The fates of many area children and adolescents literally hinges on decisions made in Johnson City Juvenile Court.
Judge Sharon Green knows all too well how the old court’s constricted space many times led to undesirable situations and unavoidable confrontations during highly emotional times for families.
But on Jan. 17, she and her staff moved into the completely revamped Johnson City Seniors Center and held court for the first time in the new Juvenile Court facility — a decade after Green first gained her title.
Green’s job requires her to be both stern and compassionate; exacting yet reasonable. On Jan. 21, she was all smiles while guiding staff members of the Johnson City Press on a tour of her much larger workspace.
“We had a boy in here that is 16,” she said about a young man standing before her in the new court last week. “I asked, ‘How do you like our new digs?’ He said it was kind of scary. What I think he meant by that is that the place demands more respect — and you should be scared when you come to court.”
Kingsport’s Armstrong Construction has been at the 607 E. Myrtle Ave. location since March tearing out old ceilings, walls, HVAC duct work and other portions of what has been reshaped into an 11,000-square-foot structure, nearly doubling the size of the old courtroom down the road at 102 W. Myrtle Ave.
The city entered into a roughly $1.1 million contract with the company last year to renovate the former Seniors Center using a design by Thomas Weems Architects.
Green’s former court was only 13 feet wide, and she said the cramped space caused tensions to rise in a setting meant for resolution. The new courtroom is 35 feet wide.
There is plenty of seating, two large desks for juveniles, parents, attorneys and probation officers. Green has a new, wide perch at the back of the courtroom, giving her room to view and communicate with all parties.
To her right and below her, a witness stand has been constructed. To her left and right are stations for both her clerk and a court reporter, when needed.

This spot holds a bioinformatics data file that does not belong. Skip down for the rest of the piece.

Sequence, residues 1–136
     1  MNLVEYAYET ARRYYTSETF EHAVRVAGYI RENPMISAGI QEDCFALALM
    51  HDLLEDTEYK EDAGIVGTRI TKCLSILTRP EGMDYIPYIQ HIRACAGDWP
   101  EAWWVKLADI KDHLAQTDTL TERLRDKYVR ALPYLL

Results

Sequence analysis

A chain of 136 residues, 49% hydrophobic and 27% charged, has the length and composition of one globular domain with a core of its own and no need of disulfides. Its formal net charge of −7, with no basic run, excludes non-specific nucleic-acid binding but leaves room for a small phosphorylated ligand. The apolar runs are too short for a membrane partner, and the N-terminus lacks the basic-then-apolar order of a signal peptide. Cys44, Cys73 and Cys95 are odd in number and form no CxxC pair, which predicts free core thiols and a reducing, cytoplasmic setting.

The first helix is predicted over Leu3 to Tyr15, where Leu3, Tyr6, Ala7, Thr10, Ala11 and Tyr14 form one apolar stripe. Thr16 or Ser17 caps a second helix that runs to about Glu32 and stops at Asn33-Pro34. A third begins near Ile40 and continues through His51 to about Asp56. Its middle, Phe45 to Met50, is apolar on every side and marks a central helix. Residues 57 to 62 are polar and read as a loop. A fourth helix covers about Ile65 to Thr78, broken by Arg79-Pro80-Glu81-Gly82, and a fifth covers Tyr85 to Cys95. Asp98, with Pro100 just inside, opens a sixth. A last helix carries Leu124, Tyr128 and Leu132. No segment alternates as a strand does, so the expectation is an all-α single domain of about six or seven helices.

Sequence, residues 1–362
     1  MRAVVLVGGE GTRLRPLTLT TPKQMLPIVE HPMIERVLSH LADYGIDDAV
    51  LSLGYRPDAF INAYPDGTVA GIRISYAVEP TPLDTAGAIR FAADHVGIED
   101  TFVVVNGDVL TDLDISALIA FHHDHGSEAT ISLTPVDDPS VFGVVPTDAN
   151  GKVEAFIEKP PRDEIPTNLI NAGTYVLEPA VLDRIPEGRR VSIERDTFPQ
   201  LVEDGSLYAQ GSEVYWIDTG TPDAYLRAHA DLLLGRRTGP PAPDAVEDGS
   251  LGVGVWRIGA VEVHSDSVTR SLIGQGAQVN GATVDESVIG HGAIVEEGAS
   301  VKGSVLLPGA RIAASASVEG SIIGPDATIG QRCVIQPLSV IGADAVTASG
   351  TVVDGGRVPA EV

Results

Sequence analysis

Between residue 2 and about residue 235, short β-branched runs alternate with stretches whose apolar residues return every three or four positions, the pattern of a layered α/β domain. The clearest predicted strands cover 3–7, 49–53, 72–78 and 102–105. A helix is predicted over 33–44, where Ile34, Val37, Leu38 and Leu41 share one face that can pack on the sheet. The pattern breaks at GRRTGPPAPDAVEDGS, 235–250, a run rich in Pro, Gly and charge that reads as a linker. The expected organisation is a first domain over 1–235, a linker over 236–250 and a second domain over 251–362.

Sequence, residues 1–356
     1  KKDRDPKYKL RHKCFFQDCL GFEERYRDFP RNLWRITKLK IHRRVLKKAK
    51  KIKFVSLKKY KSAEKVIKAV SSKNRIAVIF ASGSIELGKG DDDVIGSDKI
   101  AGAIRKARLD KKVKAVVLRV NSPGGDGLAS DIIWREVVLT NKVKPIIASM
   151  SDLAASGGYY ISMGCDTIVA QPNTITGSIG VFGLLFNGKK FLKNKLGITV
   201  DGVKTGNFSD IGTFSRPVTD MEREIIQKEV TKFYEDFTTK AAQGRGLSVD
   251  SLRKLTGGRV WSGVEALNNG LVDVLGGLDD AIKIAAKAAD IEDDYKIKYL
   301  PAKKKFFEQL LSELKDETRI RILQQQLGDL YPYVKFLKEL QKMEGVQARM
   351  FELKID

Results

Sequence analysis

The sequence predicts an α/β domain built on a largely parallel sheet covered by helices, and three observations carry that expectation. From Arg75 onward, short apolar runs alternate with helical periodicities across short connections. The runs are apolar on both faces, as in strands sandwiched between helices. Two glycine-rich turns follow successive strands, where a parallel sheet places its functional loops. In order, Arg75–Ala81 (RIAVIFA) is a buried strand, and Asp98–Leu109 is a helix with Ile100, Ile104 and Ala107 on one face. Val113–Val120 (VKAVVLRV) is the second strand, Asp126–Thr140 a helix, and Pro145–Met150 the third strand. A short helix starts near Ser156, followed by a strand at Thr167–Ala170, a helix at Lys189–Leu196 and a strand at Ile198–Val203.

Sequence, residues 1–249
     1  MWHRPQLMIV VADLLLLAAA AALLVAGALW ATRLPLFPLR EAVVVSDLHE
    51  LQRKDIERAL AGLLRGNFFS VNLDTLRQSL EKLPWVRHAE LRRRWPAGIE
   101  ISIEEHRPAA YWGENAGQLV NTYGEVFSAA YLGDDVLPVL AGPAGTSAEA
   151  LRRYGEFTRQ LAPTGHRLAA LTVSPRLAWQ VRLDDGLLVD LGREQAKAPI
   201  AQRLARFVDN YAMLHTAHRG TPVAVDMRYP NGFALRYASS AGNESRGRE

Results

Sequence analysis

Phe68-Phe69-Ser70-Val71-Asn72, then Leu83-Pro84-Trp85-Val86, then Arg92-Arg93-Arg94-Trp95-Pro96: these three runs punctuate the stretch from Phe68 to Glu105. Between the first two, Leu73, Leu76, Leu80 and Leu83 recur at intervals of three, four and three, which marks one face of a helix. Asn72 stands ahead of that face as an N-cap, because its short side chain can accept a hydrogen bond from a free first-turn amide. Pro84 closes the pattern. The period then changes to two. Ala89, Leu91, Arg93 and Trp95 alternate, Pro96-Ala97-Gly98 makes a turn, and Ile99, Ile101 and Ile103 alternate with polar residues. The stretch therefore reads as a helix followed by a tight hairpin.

“We didn’t even have a witness stand before,” she said while surveying the new courtroom.
Court is held five days a week. In a single year, about 1,700 children will come through and 2,775 cases will be handled, Green said.
In addition to being bigger, Green said, the new site is in a better location because of its proximity to local police zones, and it allows for the future expansion of the courtroom facilities, including attorney conference rooms and administrative and other offices.
“Everybody we’ve dealt with — city officials, the contractor, the fire marshal, the community and the neighborhood — has been very good to us, very supportive,” Green said.
Johnson City Mayor Ralph Van Brocklin and Commissioner Jenny Brock toured the new court last week as Green and her staff were getting settled in. Brock said of all the projects the city has done or is currently involved in, she was most proud that, in this case, the city was able to convert one of its existing buildings for another use.
“This will give them much more room for conferences and mediation,” Brock said. “This is one of the best investments the city has made. Taking this tour and seeing what they’re going to be able to do there really opened my eyes to the necessity of the new facility and the court itself.”
Some big-ticket renovation items include a complete roof replacement and new heating and cooling systems. The new courtroom was carved out of an old gymnasium. It also includes a conference room used for child and family team meetings.
“There are nooks and alcoves where people can sit in the foyer,” she said. “We have to deal with custody cases, and this helps avoid disturbances. We may be ordering a person to pay money, and it can get very confrontational. We have security cameras that feed into the bailiff’s office. There are cameras all over the building.”
Once inside the entrance, those with pending cases are served by clerks at a large, enclosed semicircle-shaped desk. One case that had just been heard involved possible neglect and debate and consideration of removing a child from a parent’s care.
Green said she’s retained the same personnel used at the old court, and they too have benefited from the extra room and added amenities.
“There are unsecured areas that lead to offices where clerks maintain records and assist families who file for child support,” she said. “People also can sit privately in smaller conference rooms with staff and members of law enforcement. We also have a probation wing (that) includes probation officers’ offices. These are used to check on the status of a youngster’s community service, for example.”
Additional offices, storage space, conference rooms and Green’s new office run down a hallway on the opposite side of the building, including a oversize conference room.
“We made this extra large,” Green said. “This is where you’re going to have parents, attorneys, therapists and guardians gather to determine whether there is an appropriate relative with which the child can be placed. This is where the attempt is made to keep children from going to the Tennessee Department of Children’s Services.”